San Quentin Dungeon Preserved For History’s Sake


An old dungeon at California’s San Quentin prison bore witness to “an enormous amount of human history, pain, misery and atonement,” Kevin Starr, California state historian, told the New York Times. Under a federal court-ordered overhaul of California's prison medical system, San Quentin is tearing down several outmoded buildings on the 432-acre property, including the original 1885 hospital built in the institutional Italianate style. A $146 million, state-of-the-art primary care health services complex will open in 2010.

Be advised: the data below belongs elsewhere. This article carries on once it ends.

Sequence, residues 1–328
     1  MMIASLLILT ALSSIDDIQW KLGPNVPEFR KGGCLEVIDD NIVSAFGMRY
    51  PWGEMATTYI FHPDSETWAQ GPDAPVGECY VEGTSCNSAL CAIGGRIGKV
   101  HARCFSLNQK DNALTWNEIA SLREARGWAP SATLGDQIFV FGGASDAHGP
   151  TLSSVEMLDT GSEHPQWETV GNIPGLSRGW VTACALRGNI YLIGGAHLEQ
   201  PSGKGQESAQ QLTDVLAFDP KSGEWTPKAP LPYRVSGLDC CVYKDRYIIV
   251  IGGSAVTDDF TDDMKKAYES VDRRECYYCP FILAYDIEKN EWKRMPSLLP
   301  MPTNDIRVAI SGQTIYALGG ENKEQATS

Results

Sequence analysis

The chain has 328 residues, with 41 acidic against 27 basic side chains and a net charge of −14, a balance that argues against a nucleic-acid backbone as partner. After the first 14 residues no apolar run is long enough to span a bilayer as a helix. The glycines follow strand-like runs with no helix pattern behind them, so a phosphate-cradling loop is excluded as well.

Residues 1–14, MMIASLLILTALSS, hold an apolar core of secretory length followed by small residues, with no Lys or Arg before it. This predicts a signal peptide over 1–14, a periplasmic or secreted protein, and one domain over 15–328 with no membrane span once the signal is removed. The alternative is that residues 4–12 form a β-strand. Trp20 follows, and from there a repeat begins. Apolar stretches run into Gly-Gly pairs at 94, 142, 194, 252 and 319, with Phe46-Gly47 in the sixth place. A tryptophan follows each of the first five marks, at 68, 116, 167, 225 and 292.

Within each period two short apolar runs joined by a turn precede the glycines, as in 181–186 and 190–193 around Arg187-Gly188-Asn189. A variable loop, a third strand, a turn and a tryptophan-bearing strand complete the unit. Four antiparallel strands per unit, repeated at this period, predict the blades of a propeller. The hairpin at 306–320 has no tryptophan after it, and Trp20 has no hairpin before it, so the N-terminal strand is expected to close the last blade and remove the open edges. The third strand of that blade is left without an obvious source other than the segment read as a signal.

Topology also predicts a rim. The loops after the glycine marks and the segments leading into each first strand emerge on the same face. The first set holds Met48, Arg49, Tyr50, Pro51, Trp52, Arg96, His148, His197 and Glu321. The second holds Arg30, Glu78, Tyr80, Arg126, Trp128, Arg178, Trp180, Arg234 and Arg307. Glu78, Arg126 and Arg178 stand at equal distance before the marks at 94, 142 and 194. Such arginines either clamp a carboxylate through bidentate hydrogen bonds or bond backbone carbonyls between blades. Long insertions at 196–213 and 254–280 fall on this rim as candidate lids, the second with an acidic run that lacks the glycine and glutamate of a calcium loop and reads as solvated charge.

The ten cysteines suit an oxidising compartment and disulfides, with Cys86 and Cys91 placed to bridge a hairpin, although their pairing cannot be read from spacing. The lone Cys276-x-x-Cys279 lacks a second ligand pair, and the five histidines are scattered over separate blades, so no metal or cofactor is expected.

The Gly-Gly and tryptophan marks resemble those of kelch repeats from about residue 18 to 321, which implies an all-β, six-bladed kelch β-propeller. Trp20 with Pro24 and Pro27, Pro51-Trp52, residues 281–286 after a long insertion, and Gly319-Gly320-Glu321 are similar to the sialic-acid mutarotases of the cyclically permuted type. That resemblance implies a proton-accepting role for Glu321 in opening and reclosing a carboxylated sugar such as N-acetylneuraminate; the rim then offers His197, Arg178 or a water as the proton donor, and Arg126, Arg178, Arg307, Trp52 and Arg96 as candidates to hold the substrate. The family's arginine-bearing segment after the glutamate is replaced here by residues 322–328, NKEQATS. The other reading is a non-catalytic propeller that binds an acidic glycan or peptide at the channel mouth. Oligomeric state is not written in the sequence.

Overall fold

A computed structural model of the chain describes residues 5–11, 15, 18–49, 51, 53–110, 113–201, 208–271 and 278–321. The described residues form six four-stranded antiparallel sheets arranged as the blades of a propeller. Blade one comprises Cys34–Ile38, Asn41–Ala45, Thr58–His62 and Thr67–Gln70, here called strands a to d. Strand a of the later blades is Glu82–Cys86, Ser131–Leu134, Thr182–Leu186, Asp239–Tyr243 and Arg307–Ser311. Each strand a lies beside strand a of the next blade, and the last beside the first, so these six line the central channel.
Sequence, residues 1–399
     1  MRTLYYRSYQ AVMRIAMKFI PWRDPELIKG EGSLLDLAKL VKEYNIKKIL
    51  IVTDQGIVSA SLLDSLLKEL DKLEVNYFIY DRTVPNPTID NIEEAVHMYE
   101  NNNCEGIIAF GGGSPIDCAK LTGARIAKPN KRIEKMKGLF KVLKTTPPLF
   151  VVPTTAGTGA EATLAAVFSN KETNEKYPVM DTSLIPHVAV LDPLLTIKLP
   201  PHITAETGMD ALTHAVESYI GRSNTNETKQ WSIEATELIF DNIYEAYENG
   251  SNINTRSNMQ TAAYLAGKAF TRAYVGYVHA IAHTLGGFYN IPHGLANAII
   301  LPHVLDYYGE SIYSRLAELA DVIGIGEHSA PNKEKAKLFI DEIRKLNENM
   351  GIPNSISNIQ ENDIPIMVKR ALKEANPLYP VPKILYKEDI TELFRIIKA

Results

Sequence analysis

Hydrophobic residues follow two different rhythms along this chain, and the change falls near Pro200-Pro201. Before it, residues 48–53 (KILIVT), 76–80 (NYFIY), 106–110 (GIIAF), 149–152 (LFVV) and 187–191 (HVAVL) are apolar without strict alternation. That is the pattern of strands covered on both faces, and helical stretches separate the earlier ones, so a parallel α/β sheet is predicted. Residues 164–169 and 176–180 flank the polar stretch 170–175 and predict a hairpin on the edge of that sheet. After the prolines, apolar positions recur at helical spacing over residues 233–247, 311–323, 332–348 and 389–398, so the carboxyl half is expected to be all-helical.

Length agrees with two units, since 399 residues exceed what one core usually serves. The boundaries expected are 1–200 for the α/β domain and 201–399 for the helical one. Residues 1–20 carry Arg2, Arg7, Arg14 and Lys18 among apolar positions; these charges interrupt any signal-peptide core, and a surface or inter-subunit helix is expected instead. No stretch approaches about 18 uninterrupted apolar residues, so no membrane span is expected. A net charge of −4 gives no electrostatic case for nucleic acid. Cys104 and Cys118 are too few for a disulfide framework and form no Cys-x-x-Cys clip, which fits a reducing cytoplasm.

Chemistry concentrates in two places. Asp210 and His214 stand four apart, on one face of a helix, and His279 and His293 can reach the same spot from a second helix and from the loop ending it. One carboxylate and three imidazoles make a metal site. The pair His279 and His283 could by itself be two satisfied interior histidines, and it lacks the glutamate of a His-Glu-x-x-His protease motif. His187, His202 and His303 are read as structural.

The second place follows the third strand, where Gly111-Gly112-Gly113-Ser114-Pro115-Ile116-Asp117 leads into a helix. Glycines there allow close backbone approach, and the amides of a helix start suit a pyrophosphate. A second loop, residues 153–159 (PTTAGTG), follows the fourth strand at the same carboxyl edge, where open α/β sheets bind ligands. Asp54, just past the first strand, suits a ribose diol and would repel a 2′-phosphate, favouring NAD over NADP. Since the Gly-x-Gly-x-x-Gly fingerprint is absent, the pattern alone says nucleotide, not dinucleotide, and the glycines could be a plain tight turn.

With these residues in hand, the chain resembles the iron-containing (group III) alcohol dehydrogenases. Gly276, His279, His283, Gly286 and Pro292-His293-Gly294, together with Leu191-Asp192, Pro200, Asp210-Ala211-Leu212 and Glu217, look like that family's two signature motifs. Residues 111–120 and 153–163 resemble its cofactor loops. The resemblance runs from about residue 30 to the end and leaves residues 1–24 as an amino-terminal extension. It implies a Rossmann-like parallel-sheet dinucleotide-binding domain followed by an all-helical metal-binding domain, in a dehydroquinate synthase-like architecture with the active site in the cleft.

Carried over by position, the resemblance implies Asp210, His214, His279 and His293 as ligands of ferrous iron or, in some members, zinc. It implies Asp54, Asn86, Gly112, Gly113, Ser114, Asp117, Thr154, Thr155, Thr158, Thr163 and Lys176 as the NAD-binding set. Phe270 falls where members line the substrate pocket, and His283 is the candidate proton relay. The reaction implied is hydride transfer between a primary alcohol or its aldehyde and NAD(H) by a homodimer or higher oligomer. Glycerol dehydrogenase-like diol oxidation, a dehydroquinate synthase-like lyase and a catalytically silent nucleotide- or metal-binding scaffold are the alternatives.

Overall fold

The dungeon will be preserved. It was completed by prisoners in 1854, four years after statehood. “It was the state's first public work, before the Capitol building, the roadways, the public colleges and universities,” Starr said. “Its preservation is not trivial. Like the catacombs in Rome, it's where people suffered.” Intended to house 45 inmates, it was built out of local rock and clay brick quarried by convicts living aboard a prison ship anchored in San Francisco Bay. More than 150 men were piled into the cells, which were sealed off with iron doors with a small slit known as a “Judas hole.” Floggings with a rawhide strap were standard punishment, along with “shower baths” – a precursor of water-boarding – in which naked prisoners were tied to ladders and then sprayed in the face, chest, and genitals with a high-pressure stream of cold water. Federal historic preservation law requires surveying potentially historic structures on state or federally owned property and saving those deemed very significant. The facade of the 1885 hospital will be incorporated into the new medical facility.


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